Vocational qualifications will not count in performance tables unless they’re high quality, the Department for Education (DfE) announced under new guidance today.

The changes mean that vocational subjects will only be included on a ‘one-for-one’ basis with academic qualifications from 2014.

The DfE hopes the new rules will stop schools from choosing subjects simply to  boost their performance table position, and prioritise student needs instead.

Under the new guidance, qualifications will only count if:

  • they offer pupils proven progression into a broad range of further qualifications or careers post-16, rather than narrowing students’ options
  • they are the size of a GCSE or bigger
  • they have a substantial proportion of external assessment and require students to use knowledge across their subject
  • they have grades such as A*-G (those with simple pass or fail results will be excluded).

Nick Gibb, Schools Minister, said: “We want to be sure that the vocational qualifications taken by 14-16 year olds genuinely lead on to further education and are valued by employers. No pupil should be preparing for a vocational qualification simply to boost the schools “GCSE or equivalent” score in the performance tables.

“These reforms introduce a systematic and fair set of rules that will determine which of the many thousands of qualifications taught in schools can be included in performance tables for 2014 onwards.

“They will lead to a boost in the quality of vocational qualifications being taken and will enhance the opportunities for young people to progress.”

The DfE says that they will publish a full list of qualifications that count towards performance tables in early 2012.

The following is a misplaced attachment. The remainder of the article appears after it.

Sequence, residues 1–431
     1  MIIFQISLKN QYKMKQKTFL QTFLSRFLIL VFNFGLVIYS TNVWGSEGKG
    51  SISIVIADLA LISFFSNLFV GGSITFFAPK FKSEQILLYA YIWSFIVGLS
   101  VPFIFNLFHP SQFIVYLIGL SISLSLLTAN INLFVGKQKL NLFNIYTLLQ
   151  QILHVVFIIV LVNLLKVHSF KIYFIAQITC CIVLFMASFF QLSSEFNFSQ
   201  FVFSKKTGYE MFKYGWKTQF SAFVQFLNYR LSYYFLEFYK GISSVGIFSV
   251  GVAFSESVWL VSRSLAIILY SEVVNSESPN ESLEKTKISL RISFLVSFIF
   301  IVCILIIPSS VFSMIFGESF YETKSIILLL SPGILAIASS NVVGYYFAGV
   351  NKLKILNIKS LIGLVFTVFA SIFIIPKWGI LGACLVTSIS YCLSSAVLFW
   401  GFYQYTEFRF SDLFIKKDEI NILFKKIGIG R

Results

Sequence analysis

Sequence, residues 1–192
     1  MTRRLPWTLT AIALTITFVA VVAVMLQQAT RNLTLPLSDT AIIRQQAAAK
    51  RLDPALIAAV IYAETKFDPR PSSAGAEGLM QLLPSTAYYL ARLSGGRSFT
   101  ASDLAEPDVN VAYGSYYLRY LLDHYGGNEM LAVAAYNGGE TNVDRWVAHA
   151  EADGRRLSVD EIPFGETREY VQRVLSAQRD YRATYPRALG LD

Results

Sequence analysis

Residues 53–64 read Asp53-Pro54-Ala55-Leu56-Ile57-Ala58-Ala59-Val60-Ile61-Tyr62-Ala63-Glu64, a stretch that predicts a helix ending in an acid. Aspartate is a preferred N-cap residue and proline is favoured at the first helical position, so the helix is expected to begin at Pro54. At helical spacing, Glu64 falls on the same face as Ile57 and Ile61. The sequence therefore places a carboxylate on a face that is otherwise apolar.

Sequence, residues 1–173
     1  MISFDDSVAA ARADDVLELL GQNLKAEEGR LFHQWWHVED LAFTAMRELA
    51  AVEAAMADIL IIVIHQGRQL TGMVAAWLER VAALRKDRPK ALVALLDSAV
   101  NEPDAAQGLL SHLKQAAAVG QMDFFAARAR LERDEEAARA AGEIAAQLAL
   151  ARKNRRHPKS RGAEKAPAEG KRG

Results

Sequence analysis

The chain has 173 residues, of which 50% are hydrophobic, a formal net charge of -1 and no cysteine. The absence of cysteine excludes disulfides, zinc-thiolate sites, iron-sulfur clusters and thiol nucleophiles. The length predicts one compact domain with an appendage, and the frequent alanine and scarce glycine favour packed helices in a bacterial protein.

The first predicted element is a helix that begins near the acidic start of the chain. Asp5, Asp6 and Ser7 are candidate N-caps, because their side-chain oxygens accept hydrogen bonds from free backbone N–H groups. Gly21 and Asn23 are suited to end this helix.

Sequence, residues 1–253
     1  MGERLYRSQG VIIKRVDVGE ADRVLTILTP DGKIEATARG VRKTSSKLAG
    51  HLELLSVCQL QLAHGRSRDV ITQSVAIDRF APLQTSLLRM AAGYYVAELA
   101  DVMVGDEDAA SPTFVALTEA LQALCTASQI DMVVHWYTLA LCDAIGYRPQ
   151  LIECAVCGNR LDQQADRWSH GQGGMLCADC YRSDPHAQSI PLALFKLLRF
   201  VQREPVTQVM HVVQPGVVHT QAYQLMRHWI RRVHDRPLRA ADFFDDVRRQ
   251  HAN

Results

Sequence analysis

GCSEs, established iGCSEs and AS Levels are said to not be affected by the new criteria.

The announcement is in response to a report by Professor Alison Wolf’s on vocational qualifications, which found that the current performance table system enouraged schools to teach qualifications with the most points.

Professor Alison Wolf found that:

  • The number of so called “equivalent” qualifications taken in schools up to age 16 has exploded in recent years – from 15,000 in 2004 to 575,000 in 2010.
  • In 2009-10, 125,367 students achieved Level 1 (grades D to G) in so-called equivalent qualifications, up from 11,007 in 2003-04.
  • In 2009-10, 462,182 students achieved Level 2 (grades A* to C) in so-called equivalent qualifications, including BTECs, up from 1882 in 2003-04.

The DfE states: “Awarding bodies are still able to refine their existing qualifications offer before then. For existing qualifications too new to prove progression or take-up, there will be opportunities for awarding bodies to gather evidence for review. Awarding bodies whose qualifications fail the assessment and/or grading characteristics only, meeting the other characteristics, will have up to a year to redevelop them. There will be a two-year period where no brand new qualifications will be considered for inclusion in the performance tables.”

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  1. You’ve swallowed the Wolf propaganda hook, line and sinker!!! One report referred to “mickey mouse qualifications”. You say “poor”. As Roland Meridith posted on LinkedIn “many of these programmes provide educational success for young people, often for the 1st time in years”.

    I made this point in my meeting with Alison Wolf, she refused to acknowledge this, and she handed the axe for Gove to wield.

    Giving a child who has never tasted success his or her first taste of achievement, however trivial, is a blessing that can transform lives. But Gove and his elitist chums/cronies don’t understand this.

  2. In 2007 the then government initiated a massive exercise in attempting to rationalise the qualification offer and all the sector skills councils produced Sector Qualification Strategies. The idea was to eliminate where for example vocational qualifications had been developed that did not relate to employer future skills needs or where unrecognised by employers where a learner applied for work. Some of the smaller qualifications then introduced to schools within e.g. Diploma lines were those that employers recognised. Lots and lots of consultation took place. This seemed to have been totally ignored by Alison Wolf.